Marketing in the Frictionless Age

The digital world has changed so much over the years. Sometimes it can be tough to keep up with the copious changes that leave our inboxes full of fresh articles with the latest tips and tricks for world domination marketing.

I remember the first time that a certain individual who I’ll leave unnamed mentioned the words ‘Frictionless Design’, on second thoughts, we can call this person Fred. I met Fred at a local marketing meet, and we were discussing some of the pitfalls for UX, then out of nowhere – what are your thoughts on a frictionless user experience. At first, I thought they were joking around, turns out it’s a thing.


Follow the path of least resistance

As an avid motorbike rider there is one mantra that has stalked me throughout my life, follow the path of least resistance. This actually summarises the definition of frictionless design.

The logic behind something being simpler with less resistance along a predetermined route creates a faster process. Everyone wants things done quicker, things ordered sooner, humanity has become incredibly impatient.


Who started off the fad?

Hands down the companies with billions of dollars trying to make everyone else look bad and raise the expectations for the masses, of course, I’m talking about the likes of Amazon and their incredible app that offers such a refined and simple process to one click order my favourite whiskey straight to my desk.

In truth, there are so many companies that started to refine their mobile apps for one seriously awesome reason.


Simplicity converts

There is no doubt that a website where you have to take ten steps to order is going to annoy a few people. Take the Amazon model on the other hand which takes a maximum of a few steps and keeps you updated at all times via push notification or email.

People crave simplicity because we are all in a hurry, and it converts because people like things to be easy.

Some websites out there that are poorly designed can feel like it is our willpower being tested when all we want is our cat’s new bed in the post on the way to our home.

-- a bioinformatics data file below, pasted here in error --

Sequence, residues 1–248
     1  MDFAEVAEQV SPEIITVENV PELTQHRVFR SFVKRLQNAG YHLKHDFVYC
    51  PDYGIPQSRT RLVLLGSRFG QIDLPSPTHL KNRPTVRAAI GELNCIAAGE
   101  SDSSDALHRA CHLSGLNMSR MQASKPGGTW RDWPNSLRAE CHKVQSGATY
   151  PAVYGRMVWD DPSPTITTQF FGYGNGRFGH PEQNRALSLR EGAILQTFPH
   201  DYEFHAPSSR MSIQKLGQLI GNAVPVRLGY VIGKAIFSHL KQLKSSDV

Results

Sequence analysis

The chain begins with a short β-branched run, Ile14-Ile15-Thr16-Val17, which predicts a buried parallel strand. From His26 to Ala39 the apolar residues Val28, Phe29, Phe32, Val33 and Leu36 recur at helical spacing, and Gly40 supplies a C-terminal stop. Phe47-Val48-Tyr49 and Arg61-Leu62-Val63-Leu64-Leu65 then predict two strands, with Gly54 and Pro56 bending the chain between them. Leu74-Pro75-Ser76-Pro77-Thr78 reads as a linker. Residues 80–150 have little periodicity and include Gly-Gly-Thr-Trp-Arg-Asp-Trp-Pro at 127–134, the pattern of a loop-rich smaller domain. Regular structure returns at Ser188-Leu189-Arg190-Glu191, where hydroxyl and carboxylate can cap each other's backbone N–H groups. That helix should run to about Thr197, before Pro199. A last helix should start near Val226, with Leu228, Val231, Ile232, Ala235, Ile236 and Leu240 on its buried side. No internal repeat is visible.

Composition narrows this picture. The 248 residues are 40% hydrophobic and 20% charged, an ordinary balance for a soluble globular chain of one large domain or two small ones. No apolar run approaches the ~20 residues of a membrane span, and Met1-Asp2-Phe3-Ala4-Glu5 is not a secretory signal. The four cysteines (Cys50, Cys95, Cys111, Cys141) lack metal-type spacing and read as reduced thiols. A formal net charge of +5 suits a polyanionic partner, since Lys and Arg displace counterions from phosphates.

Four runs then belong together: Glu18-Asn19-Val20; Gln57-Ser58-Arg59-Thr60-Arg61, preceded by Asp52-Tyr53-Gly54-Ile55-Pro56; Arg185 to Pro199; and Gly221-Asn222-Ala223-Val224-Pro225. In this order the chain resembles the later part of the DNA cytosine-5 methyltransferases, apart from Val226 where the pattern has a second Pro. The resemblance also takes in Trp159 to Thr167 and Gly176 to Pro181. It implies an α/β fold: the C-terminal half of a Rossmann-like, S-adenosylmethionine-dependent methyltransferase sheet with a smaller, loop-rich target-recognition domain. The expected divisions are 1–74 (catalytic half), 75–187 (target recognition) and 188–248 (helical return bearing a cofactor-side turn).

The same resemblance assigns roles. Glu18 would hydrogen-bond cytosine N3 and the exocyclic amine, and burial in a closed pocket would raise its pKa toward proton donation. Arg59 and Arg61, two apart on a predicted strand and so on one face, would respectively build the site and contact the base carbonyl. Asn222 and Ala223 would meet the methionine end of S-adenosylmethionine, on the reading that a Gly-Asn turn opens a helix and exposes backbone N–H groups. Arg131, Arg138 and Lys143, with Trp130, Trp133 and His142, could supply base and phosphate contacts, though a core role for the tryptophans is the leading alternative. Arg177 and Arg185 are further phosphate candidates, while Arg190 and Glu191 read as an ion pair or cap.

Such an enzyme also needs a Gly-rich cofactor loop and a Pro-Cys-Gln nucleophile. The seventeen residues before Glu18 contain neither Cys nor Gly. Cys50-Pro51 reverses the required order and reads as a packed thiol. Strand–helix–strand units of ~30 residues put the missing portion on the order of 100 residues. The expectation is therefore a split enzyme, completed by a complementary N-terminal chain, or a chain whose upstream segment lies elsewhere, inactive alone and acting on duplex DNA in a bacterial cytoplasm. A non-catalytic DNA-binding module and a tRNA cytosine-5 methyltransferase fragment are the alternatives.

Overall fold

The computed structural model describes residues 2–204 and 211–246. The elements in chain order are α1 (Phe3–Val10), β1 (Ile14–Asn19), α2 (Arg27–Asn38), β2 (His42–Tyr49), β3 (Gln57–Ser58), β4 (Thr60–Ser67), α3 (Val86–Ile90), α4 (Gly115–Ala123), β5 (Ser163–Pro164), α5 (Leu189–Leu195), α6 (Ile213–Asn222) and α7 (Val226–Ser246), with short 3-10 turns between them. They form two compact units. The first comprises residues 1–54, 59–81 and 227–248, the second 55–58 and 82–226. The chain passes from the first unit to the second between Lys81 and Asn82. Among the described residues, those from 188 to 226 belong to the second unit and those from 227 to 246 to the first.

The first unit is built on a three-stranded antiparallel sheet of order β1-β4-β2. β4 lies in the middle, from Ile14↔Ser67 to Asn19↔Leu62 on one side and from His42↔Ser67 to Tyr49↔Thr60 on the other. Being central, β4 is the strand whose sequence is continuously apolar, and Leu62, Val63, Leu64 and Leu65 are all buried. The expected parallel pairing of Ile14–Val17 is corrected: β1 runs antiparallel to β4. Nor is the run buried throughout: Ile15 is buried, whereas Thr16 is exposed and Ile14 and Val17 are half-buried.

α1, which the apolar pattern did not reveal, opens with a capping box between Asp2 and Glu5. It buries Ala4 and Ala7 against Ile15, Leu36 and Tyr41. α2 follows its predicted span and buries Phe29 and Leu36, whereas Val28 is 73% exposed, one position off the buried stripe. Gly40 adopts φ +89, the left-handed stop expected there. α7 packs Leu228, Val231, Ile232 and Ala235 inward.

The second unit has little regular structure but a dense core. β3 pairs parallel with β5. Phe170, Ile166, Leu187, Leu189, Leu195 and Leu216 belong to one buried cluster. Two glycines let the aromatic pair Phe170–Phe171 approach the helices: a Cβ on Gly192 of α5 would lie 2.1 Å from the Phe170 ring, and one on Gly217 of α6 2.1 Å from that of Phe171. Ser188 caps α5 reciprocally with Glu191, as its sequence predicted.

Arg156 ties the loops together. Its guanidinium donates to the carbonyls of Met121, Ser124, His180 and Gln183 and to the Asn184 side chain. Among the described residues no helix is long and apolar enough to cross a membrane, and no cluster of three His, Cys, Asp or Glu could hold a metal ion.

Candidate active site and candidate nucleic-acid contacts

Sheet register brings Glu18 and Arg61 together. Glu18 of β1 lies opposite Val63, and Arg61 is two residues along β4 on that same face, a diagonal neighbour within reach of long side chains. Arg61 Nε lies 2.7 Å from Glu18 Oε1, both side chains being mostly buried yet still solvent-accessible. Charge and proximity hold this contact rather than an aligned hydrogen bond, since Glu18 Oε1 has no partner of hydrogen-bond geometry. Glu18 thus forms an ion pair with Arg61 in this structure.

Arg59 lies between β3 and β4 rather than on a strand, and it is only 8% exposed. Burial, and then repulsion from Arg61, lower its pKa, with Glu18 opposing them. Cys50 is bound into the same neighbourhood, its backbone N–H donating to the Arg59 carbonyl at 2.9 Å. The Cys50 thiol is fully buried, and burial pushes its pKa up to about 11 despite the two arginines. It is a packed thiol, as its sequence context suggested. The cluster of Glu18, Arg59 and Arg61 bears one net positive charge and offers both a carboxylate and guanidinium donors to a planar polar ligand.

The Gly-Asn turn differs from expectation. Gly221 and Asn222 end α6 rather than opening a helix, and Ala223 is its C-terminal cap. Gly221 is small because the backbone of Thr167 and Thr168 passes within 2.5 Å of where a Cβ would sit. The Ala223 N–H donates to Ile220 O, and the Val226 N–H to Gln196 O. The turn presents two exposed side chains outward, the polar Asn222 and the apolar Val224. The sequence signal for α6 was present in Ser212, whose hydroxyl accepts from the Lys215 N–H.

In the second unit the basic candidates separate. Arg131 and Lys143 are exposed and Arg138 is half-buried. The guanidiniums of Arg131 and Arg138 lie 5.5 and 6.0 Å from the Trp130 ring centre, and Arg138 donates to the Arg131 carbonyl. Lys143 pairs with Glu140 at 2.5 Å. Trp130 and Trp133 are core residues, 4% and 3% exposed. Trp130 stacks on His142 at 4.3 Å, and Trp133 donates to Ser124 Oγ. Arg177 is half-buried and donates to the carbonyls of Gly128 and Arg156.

Friction makes for… a painful experience

Making things complicated really messes with growth. It can be one tiny thing wrong with the UX that’ll hold you back from doubling your bottom line. It isn’t necessarily that it is too complicated, but again, people expect more.

Not only that, but the faster a process is, regardless of it is ordering food or paying your bills, the higher the likelihood it’ll be a service that is used again.


So how are you supposed to market yourself?

For all companies out there, you could learn a thing or two from the likes of Amazon and co (fortune 500). Look at how they have refined their services, nothing is off limits. A few things you can start to refine?

Payment gateways and ordering products. There are so many businesses out there that take this one for granted. It could be that you have three pages for filling in details about the order and a million redirects before you can finally check out. Keeping every contained into a sleek one-page checkout ultimately improves the user experience.

Navigation and the flow of a website are also imperative. Far too often sites are confusing and restrict a user from completing their goal. Step back and think of that goal and how they might use the website or application.

Forms are the bane of the frictionless world. They can make or break you. Keep them simple, cut the rubbish and offer users a callback option if they don’t want to spend their lunch break filling out the form.


In summary…

Frictionless isn’t a design principal or some fancy jargon, it’s just something that is said to sound cooler than “You guys have gone a little over the top with the processes on your website, maybe chill out and simplify it?”.

Like anything in the digital world, you should really take the time to consider tracking data to find useful stats about the changes that you are making, then it is a case of testing, testing, and testing a little more.


Author Bio

Jamie Fuller is a digital marketing executive at AppInstitute. He spends his days building links, creating content, and drinking far too much coffee at one of the world’s leading DIY App Builders (over 70,000 apps built).

AppInstitute regularly provides leading publications with app analytics, business data, case studies, white papers and statistics for established publishers across the world. They were named in the top 50 creative companies in England by Creative England.

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